[dm-crypt] Questions on LUKS
michael at kjorling.se
Sat Sep 24 10:38:27 CEST 2016
On 21 Sep 2016 12:09 +0000, from eruiz03 at harris.com (Ruiz, Edwin):
> 1. When LUKS is applied to a partition of a drive, is
> decrypted data only stored in memory and never written back to the
> drive (unencrypted).
LUKS does not re-write decrypted data to the disk; doing so would
defeat its purpose, and would also require things like keeping track
of which data is encrypted and which is decrypted on disk (which there
is no room for). As a consequence, a LUKS container is always fully
encrypted with a single encryption key (even if it is not, it is
treated as such), and that encryption key is protected by the various
key slot passphrases.
That said, _other_ system components or software may write out data in
decrypted form (because that's how it appears to them), but that is
beyond the scope of LUKS. You can mitigate this by ensuring that all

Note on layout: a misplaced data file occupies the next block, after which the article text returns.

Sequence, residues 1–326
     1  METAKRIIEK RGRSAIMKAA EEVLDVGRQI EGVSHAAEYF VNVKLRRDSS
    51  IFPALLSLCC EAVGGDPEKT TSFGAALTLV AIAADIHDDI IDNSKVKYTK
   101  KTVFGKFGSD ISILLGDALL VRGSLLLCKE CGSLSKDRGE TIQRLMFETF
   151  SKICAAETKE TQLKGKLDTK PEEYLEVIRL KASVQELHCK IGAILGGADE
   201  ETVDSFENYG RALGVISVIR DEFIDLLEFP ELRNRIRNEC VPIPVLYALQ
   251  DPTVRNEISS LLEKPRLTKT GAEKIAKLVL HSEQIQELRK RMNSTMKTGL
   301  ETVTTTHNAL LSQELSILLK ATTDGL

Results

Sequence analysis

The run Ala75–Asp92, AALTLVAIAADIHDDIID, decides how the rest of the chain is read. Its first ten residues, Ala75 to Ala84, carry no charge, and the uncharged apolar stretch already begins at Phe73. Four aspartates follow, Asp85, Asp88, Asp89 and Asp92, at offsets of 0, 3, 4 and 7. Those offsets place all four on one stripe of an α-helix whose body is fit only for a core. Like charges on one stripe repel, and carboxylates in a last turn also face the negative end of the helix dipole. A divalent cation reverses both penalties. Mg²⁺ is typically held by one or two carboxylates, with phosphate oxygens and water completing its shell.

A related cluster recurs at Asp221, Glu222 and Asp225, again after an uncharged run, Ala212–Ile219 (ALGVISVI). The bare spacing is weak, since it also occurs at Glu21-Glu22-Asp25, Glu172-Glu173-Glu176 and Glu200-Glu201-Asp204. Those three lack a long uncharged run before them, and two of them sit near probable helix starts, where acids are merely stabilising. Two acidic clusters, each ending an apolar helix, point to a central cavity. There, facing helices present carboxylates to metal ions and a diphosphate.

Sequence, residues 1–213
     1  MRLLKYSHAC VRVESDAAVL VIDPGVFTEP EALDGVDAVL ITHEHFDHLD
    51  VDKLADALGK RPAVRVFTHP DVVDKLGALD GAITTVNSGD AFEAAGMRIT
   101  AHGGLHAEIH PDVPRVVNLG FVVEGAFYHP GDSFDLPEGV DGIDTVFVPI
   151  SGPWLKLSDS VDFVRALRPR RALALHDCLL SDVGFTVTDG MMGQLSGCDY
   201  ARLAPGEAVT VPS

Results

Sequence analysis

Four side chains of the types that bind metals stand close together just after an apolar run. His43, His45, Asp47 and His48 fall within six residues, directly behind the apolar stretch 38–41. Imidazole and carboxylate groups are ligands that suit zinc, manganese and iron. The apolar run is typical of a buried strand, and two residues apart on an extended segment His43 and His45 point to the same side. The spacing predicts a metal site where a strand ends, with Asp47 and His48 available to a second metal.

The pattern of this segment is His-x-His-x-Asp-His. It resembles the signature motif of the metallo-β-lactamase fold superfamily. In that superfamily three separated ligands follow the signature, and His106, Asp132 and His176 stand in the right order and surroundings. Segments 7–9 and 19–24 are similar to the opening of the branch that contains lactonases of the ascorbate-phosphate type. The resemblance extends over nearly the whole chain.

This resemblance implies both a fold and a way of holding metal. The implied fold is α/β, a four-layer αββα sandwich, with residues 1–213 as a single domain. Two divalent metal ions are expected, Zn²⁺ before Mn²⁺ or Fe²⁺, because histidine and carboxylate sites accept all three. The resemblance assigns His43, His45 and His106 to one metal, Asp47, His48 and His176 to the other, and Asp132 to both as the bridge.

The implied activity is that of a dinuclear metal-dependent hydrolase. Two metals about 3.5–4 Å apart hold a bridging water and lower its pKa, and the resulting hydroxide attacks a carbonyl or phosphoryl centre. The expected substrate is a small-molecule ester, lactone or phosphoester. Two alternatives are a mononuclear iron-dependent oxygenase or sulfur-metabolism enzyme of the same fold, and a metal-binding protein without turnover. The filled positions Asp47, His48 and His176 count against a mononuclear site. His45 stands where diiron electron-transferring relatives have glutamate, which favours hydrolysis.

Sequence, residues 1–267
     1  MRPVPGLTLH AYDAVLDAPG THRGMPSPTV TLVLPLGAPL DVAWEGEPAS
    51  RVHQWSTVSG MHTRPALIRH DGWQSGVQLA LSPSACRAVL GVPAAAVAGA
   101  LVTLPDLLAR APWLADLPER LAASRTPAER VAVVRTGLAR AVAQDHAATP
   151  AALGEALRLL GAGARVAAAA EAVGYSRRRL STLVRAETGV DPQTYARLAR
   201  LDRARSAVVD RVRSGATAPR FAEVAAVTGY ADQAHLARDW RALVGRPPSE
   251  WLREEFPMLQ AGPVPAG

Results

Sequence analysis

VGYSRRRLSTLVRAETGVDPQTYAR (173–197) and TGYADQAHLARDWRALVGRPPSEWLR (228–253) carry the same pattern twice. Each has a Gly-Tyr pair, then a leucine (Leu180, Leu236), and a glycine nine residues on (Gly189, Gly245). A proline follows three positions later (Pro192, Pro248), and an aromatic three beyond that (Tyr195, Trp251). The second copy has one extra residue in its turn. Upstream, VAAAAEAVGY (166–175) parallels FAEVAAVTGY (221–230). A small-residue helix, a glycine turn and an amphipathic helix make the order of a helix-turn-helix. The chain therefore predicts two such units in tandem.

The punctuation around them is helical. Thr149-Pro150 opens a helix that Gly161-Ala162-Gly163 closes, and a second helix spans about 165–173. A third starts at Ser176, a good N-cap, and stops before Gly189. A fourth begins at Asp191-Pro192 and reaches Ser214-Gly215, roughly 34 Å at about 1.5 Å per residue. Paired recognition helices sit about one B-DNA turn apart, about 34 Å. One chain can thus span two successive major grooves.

writable locations within the file system are backed either by RAM
(thus having the same data remanence properties as LUKS itself) or by
encrypted containers on persistent storage.
Make sure your swap, if any, is also encrypted, preferably with a
random key regenerated on each boot. That gives swap similar data
remanence properties to the RAM that holds the key while the system is
> 3. What are the implications of a system that is shut down
> (powerloss, critical failure, etc.) without the command "lucksClose"
> issued to an encrypted device?
Should be none in particular. The purpose of luksClose is basically to
clear the key material from RAM and tear down the device mapper
bindings. If the system is shutting down anyway, doing that or not
doesn't really change much in the grand scheme of things; luksClose is
largely a housekeeping operation.
By not having done a luksClose or luksSuspend before the shutdown, it
is _possible_ that key material might remain in RAM after power-off,
and it is _possible_ that this might allow for a cold boot attack.
That, however, is something that LUKS by itself cannot really protect
against. A lockable case with a decent locking mechanism will mitigate
against this threat; by the time an adversary can get the case open
sufficiently to gain access to the RAM modules, in or above room
temperature, RAM data remanence _should not_ be a major concern.
Michael Kjörling • https://michael.kjorling.se • michael at kjorling.se
“People who think they know everything really annoy
those of us who know we don’t.” (Bjarne Stroustrup)
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